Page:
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By Phil R. Photos by Sarah Gerrity.


Describing the premise of Cochon555 is easy enough.

It goes something like this: Five chefs, each utilizing a particular breed of pig and preparing a series of dishes with it, compete against each other for the votes of attendees. Whoever wins this popularity contest goes onto something called Grand Cochon in Aspen, Colorado, where he or she competes again – this time with winners from the other cities. There are ten stops on the road to Grand Cochon, and on Sunday, the tour arrived in DC.

The event series is wrapped in the greater mission of promoting education about heritage breed pigs. In order to meet the heritage certification, these pigs must come from a line of purebred hogs, and they must be raised according to a set of practices that include open-pasture grazing and an omnivorous diet. Naturally, pork from these pigs is more expensive at stores and restaurants, because the animals are more expensive to raise. But what makes it onto your plate is a more robust in flavor and blah blah blah.

Guys, I hoovered pork on Sunday.


It all sounds so civilized doesn’t it?

It’s not.

Cochon555 is like an episode of “Supermarket Sweep” but with your stomach and food and booze.

I’ve been to plenty of food events. I have never been to anything like Cochon555.

The scale of consumption, quality of food, and general raucousness are all unrivaled.


In previous visits, Cochon555 has set up shop in large, open spaces like Union Market and Taste of DC. This year, the destination was the Loews Madison Hotel – an odd if stately choice.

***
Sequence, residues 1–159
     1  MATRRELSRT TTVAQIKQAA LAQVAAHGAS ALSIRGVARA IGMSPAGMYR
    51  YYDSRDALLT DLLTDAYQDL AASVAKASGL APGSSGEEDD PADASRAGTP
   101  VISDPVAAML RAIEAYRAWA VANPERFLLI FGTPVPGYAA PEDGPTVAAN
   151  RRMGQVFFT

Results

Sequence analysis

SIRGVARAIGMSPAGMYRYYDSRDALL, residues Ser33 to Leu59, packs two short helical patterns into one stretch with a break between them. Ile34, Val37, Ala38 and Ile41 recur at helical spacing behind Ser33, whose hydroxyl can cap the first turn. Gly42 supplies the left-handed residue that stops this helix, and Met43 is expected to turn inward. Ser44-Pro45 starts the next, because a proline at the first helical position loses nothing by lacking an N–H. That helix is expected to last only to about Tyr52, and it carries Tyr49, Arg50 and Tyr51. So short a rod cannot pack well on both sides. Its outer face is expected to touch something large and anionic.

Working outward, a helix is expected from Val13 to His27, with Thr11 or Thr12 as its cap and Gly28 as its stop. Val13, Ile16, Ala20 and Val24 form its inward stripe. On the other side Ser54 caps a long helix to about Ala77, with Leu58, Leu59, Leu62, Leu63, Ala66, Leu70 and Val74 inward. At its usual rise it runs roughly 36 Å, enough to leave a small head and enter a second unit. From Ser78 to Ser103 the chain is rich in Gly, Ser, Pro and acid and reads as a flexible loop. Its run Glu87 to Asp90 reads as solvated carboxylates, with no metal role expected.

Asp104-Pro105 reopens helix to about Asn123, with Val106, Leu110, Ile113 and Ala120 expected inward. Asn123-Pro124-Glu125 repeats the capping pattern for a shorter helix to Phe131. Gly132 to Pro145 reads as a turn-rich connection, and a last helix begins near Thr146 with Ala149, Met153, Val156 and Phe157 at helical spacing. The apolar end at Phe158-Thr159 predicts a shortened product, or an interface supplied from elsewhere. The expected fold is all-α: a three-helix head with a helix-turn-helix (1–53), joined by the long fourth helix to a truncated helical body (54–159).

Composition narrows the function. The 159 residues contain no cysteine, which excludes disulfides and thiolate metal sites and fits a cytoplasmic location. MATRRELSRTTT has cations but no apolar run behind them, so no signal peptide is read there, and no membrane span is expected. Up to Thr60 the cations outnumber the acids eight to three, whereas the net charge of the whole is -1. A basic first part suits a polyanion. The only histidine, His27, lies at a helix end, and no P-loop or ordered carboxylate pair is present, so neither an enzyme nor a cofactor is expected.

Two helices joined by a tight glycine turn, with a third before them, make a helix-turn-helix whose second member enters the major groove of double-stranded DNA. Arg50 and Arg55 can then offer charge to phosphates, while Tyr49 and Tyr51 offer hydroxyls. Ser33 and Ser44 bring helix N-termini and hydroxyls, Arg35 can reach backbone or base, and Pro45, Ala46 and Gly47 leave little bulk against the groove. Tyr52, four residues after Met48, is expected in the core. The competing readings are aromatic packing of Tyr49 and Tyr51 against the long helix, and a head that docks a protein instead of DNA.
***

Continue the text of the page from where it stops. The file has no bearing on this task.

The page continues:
The venue wasn’t big enough to hold everything within one contained space, so stations were spread out across a series of rooms.

Upon entering, you were greeted by a room for cocktails, cheese, and the one beer purveyor (and godsend), Right Proper Brewing Company. This room fed into the wine room, where five winemakers manned their reserved stations. From there, you were siphoned into the Madison Ballroom, where the five chefs served their food, and a variety of forthcoming culinary attractions would eventually appear.

The Madison Ballroom is lovely. It’s decorated with antique chandeliers. Fancy silver mirrors adorn the walls. There are two levels for some reason. If I was getting married and wanted a swanky wedding reception, this would place would be at the top of the list. As the site for a pork, wine, and bourbon festival? It’s maybe a little stuffy.

And it was stuffed, too. Moving through the space with a drink in one hand and food in other required a good deal of awareness, dexterity, and forgiveness. Entering and exiting rooms was a hassle, as the doorways were often the point of bottlenecks. Additionally, there was also something perverse about leaving the most gorgeous spring afternoon of 2016 for a windowless room.

Once Cochon555 was flooded with people, it felt a bit like the floor of the New York Stock Exchange: A mass of people, grouped closely together, psychically reacting in unison to breaking news.

In this case, that wasn’t so bad because such news happened to be the sudden presentation of a pig-shaped cake. Or an Erik Bruner-Yang pop-up ramen bar. Or bacon Rice Krispies treats.